I think it is important also to approach the class in a dialogical manner. I’d rather prefer to engage in discussion with the students instead of a straight up lecture class. Each student bring about them a unique perspective from their social location. It is my hope that a “web style” class discussion and environment would begin to foster, through the interactions with students. Of course, sometimes this doesn’t work. So a backup plan is always vital.

Some tentative texts that I would like to assign for the course:

“Religion and Empire,” by Richard Horsley

“Night,” by Elie Wiesel

“Global Religions: An Introduction,” by Mark Juergensmeyer

“Introducing Liberation Theology,” by Leonardo and Clodovis Boff

“Darsan,” by Diana Eck

And of course, something on Chinese Religions/Buddhism – maybe an amalgamation of these two particularly in Chinese cultures where religions are appropriated quite easily.

I can’t seem to find a job since my school decided that all International Joint PhD students (namely, me) cannot work at Iliff despite me being a student at BOTH Iliff School of Theology and University of Denver. Such stupid interpretation of immigration law does nothing to help me and the incoming international students in securing a job. It doesn’t help the situation either when the school is so strapped for cash that they’re not doing enough to help finance their PhD students all the way through their degrees. No money and no opportunities to teach. And it’s not that I’m not trying. I have tried to the best of my abilities to look for a job in school, but to no avail.

I suppose one can say that this is all “part of the Lord’s plan.” Or that God will not give us anything that we cannot bear. Or… my personal favorite, that is, “God will provide a way out in due time.” But to be honest, I’m getting sick of all this “explaining your sorrows/problems away” bullshit. This is the damn trump card that we always play whenever there is pain and suffering. I’m not exactly the one that believes that our lives are set once we “give our hearts to the Lord.” On the contrary, I do believe that being a Christian does not necessitate a good life, or a life that would be pain free. And yes, in times of despair, God is truly with us. I believe wholeheartedly that God is weeping with us whenever God’s children is experiencing grief, pain and sorrow.

Yes, that’s great and I am all for a God that takes into consideration our cries of pain and suffering. It is indeed a comforting notion. But for once, I would really love it if God would stop crying and get God’s ass off and do something for my situation. For those perished in wars, famine, disease and disasters. I don’t want a God that just cries with me. I want a God that actually brings evil doers to justice, and I don’t mean evil doers in the sense of terrorists or blatantly violent/murderous people, though they do deserve their justice. I am talking about those who are exploiting others for their own benefits. Those who oppress their neighbors as if there were delinquent or degenerate. Those who think that non-Protestant Christians are somehow “wrong” and advocate for their destruction or assimilation, etc.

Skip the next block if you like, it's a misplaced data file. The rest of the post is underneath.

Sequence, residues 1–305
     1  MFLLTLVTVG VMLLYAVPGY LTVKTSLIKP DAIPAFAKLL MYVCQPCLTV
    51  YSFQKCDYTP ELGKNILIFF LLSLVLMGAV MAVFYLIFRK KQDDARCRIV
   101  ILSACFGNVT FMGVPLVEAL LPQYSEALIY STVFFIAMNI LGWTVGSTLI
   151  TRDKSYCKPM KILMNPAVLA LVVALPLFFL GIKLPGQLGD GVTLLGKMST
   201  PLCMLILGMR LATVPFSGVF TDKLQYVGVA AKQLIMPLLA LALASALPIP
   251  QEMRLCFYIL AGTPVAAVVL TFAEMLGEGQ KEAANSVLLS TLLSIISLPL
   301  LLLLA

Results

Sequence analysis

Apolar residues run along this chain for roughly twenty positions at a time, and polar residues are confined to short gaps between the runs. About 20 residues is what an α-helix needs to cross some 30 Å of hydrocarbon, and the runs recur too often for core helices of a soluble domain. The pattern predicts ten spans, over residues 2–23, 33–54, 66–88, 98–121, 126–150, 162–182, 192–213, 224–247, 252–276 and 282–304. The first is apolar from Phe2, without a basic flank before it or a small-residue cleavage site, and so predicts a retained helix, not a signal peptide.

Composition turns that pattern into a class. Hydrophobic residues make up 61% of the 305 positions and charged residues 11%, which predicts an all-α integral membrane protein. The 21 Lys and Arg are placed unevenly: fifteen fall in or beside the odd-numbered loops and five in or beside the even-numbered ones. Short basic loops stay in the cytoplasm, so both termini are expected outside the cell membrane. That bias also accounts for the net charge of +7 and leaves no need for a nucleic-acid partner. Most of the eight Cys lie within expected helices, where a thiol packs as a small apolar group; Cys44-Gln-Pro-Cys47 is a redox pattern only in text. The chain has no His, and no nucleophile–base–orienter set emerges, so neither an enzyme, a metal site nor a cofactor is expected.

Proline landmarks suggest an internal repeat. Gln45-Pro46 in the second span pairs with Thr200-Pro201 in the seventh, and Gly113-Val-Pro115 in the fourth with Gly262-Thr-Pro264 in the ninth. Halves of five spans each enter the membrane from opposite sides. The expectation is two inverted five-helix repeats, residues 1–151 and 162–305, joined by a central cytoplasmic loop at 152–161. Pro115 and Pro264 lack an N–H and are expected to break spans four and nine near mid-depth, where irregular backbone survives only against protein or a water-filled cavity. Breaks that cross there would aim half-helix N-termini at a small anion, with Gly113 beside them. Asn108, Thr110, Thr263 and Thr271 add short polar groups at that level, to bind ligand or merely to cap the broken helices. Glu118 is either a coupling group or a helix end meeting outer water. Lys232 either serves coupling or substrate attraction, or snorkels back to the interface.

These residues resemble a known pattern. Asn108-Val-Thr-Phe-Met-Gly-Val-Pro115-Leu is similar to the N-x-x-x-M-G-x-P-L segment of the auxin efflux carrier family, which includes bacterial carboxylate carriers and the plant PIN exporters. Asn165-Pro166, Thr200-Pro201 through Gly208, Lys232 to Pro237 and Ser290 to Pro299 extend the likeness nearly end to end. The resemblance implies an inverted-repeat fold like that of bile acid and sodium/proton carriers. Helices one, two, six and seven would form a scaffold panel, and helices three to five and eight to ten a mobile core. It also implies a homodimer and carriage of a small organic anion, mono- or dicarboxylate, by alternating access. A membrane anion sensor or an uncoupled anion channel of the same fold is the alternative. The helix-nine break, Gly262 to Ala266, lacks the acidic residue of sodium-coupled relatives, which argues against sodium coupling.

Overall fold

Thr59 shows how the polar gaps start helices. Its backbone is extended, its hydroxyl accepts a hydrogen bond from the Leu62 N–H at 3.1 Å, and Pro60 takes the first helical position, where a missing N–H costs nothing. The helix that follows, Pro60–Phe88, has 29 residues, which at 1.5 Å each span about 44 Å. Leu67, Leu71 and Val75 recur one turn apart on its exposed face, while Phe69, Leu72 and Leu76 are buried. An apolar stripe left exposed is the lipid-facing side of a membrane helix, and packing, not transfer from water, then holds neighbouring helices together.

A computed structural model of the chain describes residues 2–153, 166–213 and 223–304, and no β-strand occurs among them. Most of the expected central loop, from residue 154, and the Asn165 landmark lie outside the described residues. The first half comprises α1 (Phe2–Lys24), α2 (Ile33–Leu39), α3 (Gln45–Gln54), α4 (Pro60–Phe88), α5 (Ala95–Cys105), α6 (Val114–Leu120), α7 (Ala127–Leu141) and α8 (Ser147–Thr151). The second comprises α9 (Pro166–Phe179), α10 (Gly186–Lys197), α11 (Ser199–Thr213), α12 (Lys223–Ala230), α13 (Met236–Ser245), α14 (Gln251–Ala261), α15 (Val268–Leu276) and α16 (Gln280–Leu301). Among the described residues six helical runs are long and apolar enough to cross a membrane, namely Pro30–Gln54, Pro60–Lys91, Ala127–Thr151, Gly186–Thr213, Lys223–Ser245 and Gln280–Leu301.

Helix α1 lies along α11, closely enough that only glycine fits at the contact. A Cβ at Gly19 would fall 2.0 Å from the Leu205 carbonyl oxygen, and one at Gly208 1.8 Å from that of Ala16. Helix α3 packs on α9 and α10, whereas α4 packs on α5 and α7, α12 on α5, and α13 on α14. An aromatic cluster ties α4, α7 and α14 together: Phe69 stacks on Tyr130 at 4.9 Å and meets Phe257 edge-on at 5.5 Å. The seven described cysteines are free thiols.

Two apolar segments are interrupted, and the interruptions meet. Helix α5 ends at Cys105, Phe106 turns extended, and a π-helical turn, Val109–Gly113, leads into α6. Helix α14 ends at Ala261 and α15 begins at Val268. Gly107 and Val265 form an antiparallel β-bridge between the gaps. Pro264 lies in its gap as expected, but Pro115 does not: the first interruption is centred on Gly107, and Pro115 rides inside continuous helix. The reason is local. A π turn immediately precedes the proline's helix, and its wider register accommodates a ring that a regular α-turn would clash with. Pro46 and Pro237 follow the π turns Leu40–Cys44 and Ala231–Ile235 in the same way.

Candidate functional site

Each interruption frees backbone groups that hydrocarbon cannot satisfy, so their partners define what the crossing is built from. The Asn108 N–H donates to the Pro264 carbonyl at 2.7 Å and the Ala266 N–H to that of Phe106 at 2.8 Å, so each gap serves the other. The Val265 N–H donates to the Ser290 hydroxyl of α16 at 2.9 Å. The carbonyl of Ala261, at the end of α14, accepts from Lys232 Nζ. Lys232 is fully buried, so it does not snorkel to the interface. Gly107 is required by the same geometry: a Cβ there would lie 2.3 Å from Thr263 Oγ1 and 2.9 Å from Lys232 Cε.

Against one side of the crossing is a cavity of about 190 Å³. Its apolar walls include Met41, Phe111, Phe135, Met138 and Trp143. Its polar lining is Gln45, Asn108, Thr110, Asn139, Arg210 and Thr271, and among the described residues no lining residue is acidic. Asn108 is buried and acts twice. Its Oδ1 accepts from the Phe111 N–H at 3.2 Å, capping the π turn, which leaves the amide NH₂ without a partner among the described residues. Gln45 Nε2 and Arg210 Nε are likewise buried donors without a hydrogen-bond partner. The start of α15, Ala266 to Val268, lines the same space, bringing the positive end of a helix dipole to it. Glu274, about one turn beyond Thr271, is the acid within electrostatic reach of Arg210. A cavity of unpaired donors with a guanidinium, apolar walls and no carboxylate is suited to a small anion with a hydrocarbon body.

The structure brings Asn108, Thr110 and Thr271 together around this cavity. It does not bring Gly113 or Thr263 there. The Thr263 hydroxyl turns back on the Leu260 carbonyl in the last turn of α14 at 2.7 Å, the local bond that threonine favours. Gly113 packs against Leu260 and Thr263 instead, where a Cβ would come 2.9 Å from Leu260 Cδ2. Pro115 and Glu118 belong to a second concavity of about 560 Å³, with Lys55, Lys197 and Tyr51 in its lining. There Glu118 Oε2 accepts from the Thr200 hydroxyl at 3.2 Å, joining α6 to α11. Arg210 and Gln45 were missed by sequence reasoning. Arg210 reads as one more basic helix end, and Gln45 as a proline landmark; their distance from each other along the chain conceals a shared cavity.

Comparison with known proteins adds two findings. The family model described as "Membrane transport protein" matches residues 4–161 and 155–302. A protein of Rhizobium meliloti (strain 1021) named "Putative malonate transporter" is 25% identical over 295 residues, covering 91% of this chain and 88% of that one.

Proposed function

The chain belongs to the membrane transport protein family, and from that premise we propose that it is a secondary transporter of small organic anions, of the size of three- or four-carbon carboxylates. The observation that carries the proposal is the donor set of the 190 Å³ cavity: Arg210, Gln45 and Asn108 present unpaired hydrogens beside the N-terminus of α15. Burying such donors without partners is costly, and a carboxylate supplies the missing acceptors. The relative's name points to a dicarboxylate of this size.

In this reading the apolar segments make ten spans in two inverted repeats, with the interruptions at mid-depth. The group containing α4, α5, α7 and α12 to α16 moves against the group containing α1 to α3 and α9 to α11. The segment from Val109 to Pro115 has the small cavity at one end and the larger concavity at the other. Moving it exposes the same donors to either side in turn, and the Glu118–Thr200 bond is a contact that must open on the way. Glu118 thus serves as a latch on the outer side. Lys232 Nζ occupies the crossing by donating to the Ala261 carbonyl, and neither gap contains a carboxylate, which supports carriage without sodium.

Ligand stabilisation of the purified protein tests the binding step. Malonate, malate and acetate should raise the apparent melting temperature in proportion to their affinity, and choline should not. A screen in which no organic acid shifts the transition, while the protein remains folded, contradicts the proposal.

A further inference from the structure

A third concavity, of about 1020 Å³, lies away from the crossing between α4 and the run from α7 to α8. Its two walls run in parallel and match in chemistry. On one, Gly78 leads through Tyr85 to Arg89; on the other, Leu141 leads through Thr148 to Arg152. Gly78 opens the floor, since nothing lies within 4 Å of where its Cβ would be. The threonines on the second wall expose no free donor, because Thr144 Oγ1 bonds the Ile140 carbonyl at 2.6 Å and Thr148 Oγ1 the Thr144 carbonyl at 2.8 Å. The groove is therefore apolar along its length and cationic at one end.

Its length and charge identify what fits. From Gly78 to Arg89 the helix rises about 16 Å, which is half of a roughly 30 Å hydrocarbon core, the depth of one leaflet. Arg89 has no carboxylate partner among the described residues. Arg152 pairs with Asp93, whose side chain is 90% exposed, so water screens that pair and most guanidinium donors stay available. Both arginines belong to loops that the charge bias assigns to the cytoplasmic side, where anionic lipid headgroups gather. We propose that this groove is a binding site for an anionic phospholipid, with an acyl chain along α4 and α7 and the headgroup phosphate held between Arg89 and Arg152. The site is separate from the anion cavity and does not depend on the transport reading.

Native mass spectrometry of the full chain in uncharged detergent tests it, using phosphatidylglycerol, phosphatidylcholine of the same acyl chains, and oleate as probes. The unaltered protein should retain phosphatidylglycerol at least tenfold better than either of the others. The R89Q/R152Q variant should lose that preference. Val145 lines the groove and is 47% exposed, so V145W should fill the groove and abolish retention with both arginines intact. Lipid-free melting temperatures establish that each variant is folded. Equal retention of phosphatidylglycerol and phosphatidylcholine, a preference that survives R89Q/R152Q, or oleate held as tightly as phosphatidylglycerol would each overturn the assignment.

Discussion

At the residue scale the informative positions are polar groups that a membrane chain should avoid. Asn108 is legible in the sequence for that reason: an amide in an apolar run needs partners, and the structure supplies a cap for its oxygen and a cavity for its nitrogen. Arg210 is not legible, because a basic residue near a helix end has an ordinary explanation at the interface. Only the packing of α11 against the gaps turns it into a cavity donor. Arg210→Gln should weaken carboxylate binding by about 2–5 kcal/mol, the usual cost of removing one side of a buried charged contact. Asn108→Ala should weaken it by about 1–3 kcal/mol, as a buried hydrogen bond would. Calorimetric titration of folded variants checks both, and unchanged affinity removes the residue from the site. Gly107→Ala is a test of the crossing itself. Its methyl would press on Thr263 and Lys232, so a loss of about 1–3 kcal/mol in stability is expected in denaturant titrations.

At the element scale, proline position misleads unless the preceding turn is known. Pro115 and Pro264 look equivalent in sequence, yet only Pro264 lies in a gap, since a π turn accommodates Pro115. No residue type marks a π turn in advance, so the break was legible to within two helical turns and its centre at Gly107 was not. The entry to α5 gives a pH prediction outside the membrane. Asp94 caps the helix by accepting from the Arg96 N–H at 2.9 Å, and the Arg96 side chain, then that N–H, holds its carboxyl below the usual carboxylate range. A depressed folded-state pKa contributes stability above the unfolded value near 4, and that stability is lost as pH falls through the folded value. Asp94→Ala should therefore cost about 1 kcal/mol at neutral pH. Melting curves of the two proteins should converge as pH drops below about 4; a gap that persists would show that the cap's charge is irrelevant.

I am not seeking for a sophisticated theological answer nor am I looking for words of comfort/encouragement. Most of all, I do not need rational reasonings/lectures behind this question. I’m merely pointing out the situation. Such words ring hollow to me, if not insulting to my intelligence/personhood. Most of all, I will not tolerate condescension.

I am compelled to believe that the Christian God that I serve and worship is a God that can do whatever the hell that pleases God, including less than stellar things. And there is nothing we humans can do about it. We can either suck it up or stick with their God that at times promises justice and salvation for the disenfranchised and oppressed and at times rains death and destruction to those who “disobeys” God.

I will close with Rorschach’s quote from the Graphic Novel Watchmen:

The World will look up and shout, “Save us!” And I’ll look down and whisper, “NO!”

Posted by: Heathen | September 17, 2008

“You Know How I Know You’re Gay?”


“You listen to Coldplay.”

I rather enjoy listening to Coldplay, regardless of my sexual orientation. Their latest effort, Viva La Vida, or Death and All His Friends shows maturity in their music by going beyond their usual “Coldplay sound.” Though still imbued with catchy lyrics and stadium-like manufactured sound, the band is willing to experiment with Eastern instruments, among others. The infectious song Viva La Vida sounds very much like the Beatles’ Eleanor Rigby.

I’m not exactly the one who reviews albums or try to decipher the meanings behind songs. But the aforementioned song is a good avenue for endless debates and conversations.  Even with biblical allusions such as “St Peter [calling his] name” and hearing “Jerusalem’s bells ringing,” I am not convinced that it is a straight-shooter religious song. If anything, Viva La Vida deals with empire and the fickleness of human power and the empty promises/goals of revolutions.   Is it any surprise that the album’s cover comes from Delacroix’s painting Liberty Leading the People.

Viva La Vida, while comparable to say Clocks or Speed of Sound, possessed a slightly more political message – and I commend the band for attempting to grapple with the world’s problems. Of course, they are not Rage Against the Machine or System of Down. Nevertheless, this is a good album to listen to.

Fans familiar with the Coldplay sound may be slightly put off by the difference. However, after a few repeated listenings, things should get settled down.

And so, by way of rounding up where we first started: How does one know of one’s sexual orientation by the music they listen to? One may posit that it’s because they listen to Coldplay. Unfortunately, the answer will always be inconclusive.

Now the Indigo Girls or K.D. Lang….. that would be a whole different story.

Posted by: Heathen | August 15, 2008

Moving on Up (Across the Street)